KABUL — A car bomb exploded Wednesday outside a police recruitment center in the Afghan capital, killing 14 people and wounding nearly 150, officials said, heightening security concerns ahead of elections planned for next month.
Taliban insurgents asserted responsibility for the strike, which occurred a day after the militants and U.S. diplomats spoke of progress in peace talks in Qatar.
The blast followed a violent night in Kabul, where security forces conducted operations against hideouts of Islamic State affiliates in three parts of the capital, the government said.
Explosions and protracted gunfire could be heard for several hours. A group of militants and members of the security forces were killed, Afghanistan’s intelligence agency said Wednesday.
The Wednesday attack occurred in a densely populated area in the southwestern part of the city. The police recruitment center previously has come under attack.
The blast was felt across Kabul. It shattered windows in houses, shops and offices and sent a thick plume of smoke into the sky.
Mohammed Jawad, who lives near the site of the attack, said seven members of his family were wounded by flying glass at his house.
“I was having breakfast when I felt a strong wave, then came the boom,” he said.
Fawad, a 24-year-old barber who was close to the attack site, said he could not feel anything for 15 seconds after the “very loud boom” went off. “I thought I was dead,” he said.
Khoshal Sadat, a senior deputy interior minister, said at a news conference that 14 people were killed and 145 were wounded, including 92 civilians.
He said the Taliban has stepped up its attacks in cities and other civilian population areas lately as part of a move to “provoke the public against the system” after having suffered setbacks in intense offensives by government forces nationwide in recent months.
Wahidullah Mayar, a spokesman for the Public Health Ministry, said women and children were among the wounded.
Several videos circulating on social media showed extensive damage to the recruitment center, with piles of rubble and corrugated metal scattered in a vast yard.
The attack intensifies concerns about the state of security in Afghanistan’s capital, which has been the focus of campaigning for the presidential election, slated for Sept. 28.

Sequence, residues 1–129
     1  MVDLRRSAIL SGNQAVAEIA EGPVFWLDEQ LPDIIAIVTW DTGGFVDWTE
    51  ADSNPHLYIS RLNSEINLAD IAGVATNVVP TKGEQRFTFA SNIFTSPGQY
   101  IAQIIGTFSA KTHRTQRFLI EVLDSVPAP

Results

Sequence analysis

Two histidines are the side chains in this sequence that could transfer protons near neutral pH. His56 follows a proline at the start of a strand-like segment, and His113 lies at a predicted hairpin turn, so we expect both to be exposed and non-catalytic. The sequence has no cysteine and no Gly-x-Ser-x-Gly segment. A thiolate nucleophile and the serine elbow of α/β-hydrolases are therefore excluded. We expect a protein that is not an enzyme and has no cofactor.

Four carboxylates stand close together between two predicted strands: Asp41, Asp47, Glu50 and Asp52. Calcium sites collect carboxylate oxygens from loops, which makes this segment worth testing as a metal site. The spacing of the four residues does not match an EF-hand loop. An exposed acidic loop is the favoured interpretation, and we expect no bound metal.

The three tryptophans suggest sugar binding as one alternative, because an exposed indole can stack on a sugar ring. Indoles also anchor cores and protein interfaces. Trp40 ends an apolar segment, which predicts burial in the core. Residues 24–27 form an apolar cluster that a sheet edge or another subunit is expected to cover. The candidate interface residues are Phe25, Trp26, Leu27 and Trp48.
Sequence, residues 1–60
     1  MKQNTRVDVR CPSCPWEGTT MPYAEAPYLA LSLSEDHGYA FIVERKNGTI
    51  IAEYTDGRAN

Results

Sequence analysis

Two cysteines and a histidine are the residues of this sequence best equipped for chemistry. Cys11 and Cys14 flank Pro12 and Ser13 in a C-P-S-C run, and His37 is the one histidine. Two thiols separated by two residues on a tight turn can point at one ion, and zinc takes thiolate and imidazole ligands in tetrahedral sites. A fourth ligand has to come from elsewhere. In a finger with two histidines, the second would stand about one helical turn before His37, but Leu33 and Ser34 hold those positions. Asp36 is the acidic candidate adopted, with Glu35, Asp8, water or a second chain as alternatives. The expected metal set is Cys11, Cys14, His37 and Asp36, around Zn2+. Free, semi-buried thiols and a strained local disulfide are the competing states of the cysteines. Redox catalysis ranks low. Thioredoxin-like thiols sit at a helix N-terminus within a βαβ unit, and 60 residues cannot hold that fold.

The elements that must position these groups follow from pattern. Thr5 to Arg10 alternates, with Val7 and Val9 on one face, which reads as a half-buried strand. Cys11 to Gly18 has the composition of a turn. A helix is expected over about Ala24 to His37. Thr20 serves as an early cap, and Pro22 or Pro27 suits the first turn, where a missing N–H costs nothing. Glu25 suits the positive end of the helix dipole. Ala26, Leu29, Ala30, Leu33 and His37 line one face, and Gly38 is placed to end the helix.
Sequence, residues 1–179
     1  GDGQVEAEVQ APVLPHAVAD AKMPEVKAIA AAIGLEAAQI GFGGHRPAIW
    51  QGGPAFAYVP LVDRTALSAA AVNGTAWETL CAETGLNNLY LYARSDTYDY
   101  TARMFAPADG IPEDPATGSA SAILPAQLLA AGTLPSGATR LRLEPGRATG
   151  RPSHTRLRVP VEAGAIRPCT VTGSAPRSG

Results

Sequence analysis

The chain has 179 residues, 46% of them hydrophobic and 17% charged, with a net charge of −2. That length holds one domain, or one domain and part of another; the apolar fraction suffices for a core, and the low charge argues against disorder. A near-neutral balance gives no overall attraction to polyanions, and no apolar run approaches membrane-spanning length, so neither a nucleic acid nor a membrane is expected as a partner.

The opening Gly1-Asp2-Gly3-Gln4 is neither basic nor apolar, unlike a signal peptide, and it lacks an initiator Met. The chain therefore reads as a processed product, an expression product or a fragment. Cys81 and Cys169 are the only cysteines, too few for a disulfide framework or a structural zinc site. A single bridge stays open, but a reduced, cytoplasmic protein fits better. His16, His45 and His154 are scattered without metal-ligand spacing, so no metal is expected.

On Tuesday, the Taliban warned that it intends to derail the campaign process and the election, which have been delayed twice already. The insurgents urged voters to stay away from election-related events to avoid harm.
Last month, presidential running mate Amrullah Saleh had a narrow escape when a suicide bomber and gunmen attacked his office, killing about 20 people.
The United Nations on Wednesday denounced the Taliban’s threat to disrupt the election, warning that attacks on polling centers and voters “are clear violations of international law, and perpetrators of such crimes must be held accountable.”
“All citizens — whether voters, candidates or election-related staff — have the right to be free from fear, intimidation and violence at all stages of an elections process,” the U.N. Assistance Mission in Afghanistan said in a statement. It called on the Taliban to respect civilians who “engage in their constitutional right to participate in elections.”
While condemning Wednesday’s attack, President Ashraf Ghani said the Taliban has stepped up raids to extract concessions in the negotiations. His government, which has come under criticism for failing to stop the mounting violence, has been barred from the talks because the Taliban objects to its participation.
“By repeating such tragedies and humanitarian crimes, not only will they not gain any concession during the peace talks, but they will be severely suppressed in all corners of the country by our valorous defense and security forces,” Ghani said in a statement.
Sediq Seddiqi, a spokesman for Ghani, said increased attacks by the Taliban showed that the group was “the main hurdle for peace” in Afghanistan.
Pamela Constable in Islamabad, Pakistan, contributed to this report.